The stranger’s words addressed to the hero in J.M. Coetzee’s Life and Times of Michael K bring home in a very concrete way the relentless binarism not only of the apartheid order (revealingly figured in its truth as the disorder of civil war), but also of many Western forms of life and thinking: a typically high-modern technology sums up an epistemology no less typical. The train abolishes the age-old institution of the crossroads, the three- or four-way junction which puts before the traveller two or more options besides the one of retracing his steps back along the way he came. Daredevils who ‘ride staff’ on township trains may be rebellious terms in a system, but terms of that system they remain. Yesterday’s staffrider on the train of progress is today’s builder of his own locomotive. This is the logic whereby we have seen in South Africa rival nationalisms arising out of the early transcultural flux of Empire and then, at length, imposing their different inflections of the modern project upon the rest of their compatriots.

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Kate Cairns

At the very time that I was reading Jan Newberry and Rachel Rosen’s “Women and Children Together and Apart,” young people around the world were organizing collectively to demand action on climate change. On 15 March 2019, children and youth in more than one hundred countries walked out of school in a coordinated act of defiance. Gathering in parks, public squares, and on the steps of government headquarters, their signs and chants decried the intergenerational violence of planetary destruction, demanding accountability from the world’s most powerful. As these young people make clear, the climate crisis is very much a crisis of social reproduction: the environmental devastation wrought by capitalist accumulation threatens the conditions for making and sustaining life, with particularly devastating consequences for the world’s most marginalized. In their organizing to demand political action to address this crisis, young people have shone a light on the multiple temporalities at stake: by withholding their labor as striking students, they refuse to produce value for a future that is increasingly under threat.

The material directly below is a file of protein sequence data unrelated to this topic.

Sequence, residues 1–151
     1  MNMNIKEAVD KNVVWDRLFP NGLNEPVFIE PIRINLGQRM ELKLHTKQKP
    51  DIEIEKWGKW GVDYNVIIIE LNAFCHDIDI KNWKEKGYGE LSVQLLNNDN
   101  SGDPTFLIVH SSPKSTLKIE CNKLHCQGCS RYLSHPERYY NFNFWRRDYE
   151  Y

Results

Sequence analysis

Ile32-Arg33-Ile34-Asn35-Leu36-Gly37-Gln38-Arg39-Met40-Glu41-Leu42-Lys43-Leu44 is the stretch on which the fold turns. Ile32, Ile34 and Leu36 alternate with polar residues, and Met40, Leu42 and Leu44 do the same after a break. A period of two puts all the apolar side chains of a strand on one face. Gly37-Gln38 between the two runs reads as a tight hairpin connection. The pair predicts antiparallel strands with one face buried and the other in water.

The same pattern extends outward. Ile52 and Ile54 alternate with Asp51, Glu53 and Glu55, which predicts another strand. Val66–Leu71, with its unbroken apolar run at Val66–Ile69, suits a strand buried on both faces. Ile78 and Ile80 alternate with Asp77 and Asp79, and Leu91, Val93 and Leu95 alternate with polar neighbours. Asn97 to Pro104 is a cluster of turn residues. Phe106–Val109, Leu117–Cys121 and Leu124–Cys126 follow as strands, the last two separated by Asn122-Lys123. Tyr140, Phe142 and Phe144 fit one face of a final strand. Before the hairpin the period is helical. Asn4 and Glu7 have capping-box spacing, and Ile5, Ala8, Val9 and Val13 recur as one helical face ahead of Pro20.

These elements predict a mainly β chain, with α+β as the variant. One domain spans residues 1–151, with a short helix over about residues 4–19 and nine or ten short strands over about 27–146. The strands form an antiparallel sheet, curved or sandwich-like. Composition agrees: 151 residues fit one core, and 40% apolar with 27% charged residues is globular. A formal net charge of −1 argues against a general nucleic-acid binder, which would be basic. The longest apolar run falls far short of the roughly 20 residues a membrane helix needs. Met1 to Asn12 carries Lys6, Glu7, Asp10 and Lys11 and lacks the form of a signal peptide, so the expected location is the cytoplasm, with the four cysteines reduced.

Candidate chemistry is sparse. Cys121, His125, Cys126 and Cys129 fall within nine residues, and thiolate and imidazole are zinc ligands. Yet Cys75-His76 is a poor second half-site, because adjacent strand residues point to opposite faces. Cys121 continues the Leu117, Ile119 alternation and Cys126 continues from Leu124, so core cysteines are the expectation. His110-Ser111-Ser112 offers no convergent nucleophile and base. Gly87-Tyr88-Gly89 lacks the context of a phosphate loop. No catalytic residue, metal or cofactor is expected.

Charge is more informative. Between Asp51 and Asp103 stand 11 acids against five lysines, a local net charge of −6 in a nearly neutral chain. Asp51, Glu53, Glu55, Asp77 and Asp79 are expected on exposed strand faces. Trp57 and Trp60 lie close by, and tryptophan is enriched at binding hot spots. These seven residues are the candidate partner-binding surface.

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Volunteering as Protest

Against State Failure or the State Itself?

Jan Křeček

Although the Czech Republic (CR) is not a favorite destination nor even a transit country for migrants through Europe, the refugee crisis has materialized into a strict state policy of rejection. The CR rejects proposals for European solutions and detains and imprisons immigrants, most of whom are inadvertently arrived there. This preliminary refusal strategy is peculiar to both the political and media spheres (and public opinion) and is described in the opening sections of this work. However, the CR, is also a country in which the tally of immigrants is less than the number of Czechs citizens traveling beyond their national borders to help refugees congregating along the “Balkan Route”, where they frequently outnumber volunteers from other countries. This paper goes on to describe the development of these grassroots Czech volunteer organizations and activities in 2015. From the beginning it was characterized by spontaneity and a lack of hierarchy, with the Internet and social media playing a vital role during mobilization and organization. The methodological section defines how this sample was analyzed and the manner in which it was dealt. Section five summarizes the most important findings of the case study: (1) the results of a questionnaire survey among volunteers, (2) the results of a qualitative content analysis of their communication in social networks. Besides basic mapping steps (features of volunteer’s participation), the analysis attempts to capture motivations for volunteer’s participation. Comparison with selected motivation typologies emphasizes the protective (later the normative) motivation, on which the hypotheses are based regarding the dispute about the national identity of volunteering as an ideological, and therefore foreseeable, dispute.

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Renée Monchalin and Lisa Monchalin

steps and look to our ancestral teachings. During a conversation over the phone one evening, a particular teaching made our experiences in academia make sense. The teaching is the Anishnaabe Seven Fires Prophecy, which is composed of seven predictions

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Sexy Health Carnival

One Small Part of Indigenous Herstory

Alexa Lesperance

actions and steps we take to survive, but rather to provide support and love, as our ancestors and spirits have taught us well to do. The carnival, since its birth in 2012, has become so much bigger than me as many other Indigenous youth and communities